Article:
University officials announced yesterday that Barrie Wilkes, vice president of financial services and reporting, will succeed soon-to-be retired David Burdette for the university’s chief financial position.
However, nobody should be surprised.
As VP of Financial Services and Reporting, Wilkes oversaw five offices related to finance at Central Michigan University – even serving in Burdette’s role during the interim in 2007-08.
He was highly involved in day-to-day financial operations and his office was largely responsible for pressuring the state of Michigan for financial appropriations.
A search committee found six applicants for the position. After three voluntarily dropped out and one was eliminated by the committee, only two remained for the public open forums: Barrie Wilkes and Sue Fuciarelli.
While open forums are important for transparency and the concept of shared governance, Wilkes was clearly the favorite for this position before the event even began.
With 32 years of financial service experience and 21 years working with CMU, Wilkes practically blows Fuciarelli’s 23 years of out-of-state financial experience out of the water.
During the open forums, Wilkes had a distinct advantage: Local experience.
Wilkes can personally speak to the financial history of CMU, has witnessed the decline in enrollment first-hand, and has worked within the state for his entire adult life.
Fuciarelli, on the other hand, could only venture guesses to the framework of Michigan’s economy, let alone the inner workings of CMU.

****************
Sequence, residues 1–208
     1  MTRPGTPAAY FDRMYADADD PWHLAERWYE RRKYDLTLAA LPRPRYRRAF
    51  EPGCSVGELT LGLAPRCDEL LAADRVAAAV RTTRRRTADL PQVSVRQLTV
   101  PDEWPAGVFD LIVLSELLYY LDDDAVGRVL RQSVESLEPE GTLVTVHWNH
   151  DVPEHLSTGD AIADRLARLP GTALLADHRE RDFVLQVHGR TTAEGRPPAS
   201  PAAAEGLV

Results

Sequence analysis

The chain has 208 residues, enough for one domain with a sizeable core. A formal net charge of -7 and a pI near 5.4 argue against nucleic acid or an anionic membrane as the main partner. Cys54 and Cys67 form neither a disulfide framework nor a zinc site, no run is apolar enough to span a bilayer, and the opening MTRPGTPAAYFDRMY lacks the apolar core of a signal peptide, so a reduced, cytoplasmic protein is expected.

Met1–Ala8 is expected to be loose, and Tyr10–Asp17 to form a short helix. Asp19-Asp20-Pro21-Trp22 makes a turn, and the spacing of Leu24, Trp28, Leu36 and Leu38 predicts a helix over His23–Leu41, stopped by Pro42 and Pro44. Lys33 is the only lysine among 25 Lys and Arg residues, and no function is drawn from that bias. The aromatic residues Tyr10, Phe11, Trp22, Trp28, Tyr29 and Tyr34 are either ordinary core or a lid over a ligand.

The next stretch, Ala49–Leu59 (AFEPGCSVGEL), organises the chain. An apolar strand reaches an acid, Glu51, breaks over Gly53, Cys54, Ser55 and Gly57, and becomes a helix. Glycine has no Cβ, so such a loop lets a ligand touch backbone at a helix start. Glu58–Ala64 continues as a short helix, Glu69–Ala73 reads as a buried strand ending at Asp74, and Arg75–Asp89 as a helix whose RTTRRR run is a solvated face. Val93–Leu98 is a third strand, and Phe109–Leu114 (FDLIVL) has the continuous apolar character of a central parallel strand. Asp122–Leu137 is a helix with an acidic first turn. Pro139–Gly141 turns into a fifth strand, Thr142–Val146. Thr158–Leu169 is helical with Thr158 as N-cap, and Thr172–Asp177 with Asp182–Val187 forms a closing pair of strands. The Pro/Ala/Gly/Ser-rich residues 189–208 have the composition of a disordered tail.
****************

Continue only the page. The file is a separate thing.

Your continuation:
While the outside perspective she offered from a similar position at Valdosta State University had the potential to be valuable, it was Wilkes’ local, CMU experience that made the decision a no-brainer.
It’s important to recognize that Wilkes’ experiences are finely tailored to the university, but he was still a key player during this years’ budget cuts and for all three years of enrollment declines.
While state appropriations have increased slightly in recent years, they still account for only 21.8 percent of CMU’s revenue – a stark contrast from 53 percent in 1999, or even the 37 percent in 2006 – 14 years after Wilkes arrived at CMU.
If Wilkes plans to bring change to the university – touting transparency and community relations at his open forums – a clear, focused and widely-available plan on improving CMU’s budget is an absolute necessity.
Time will only tell if he will be able to deliver.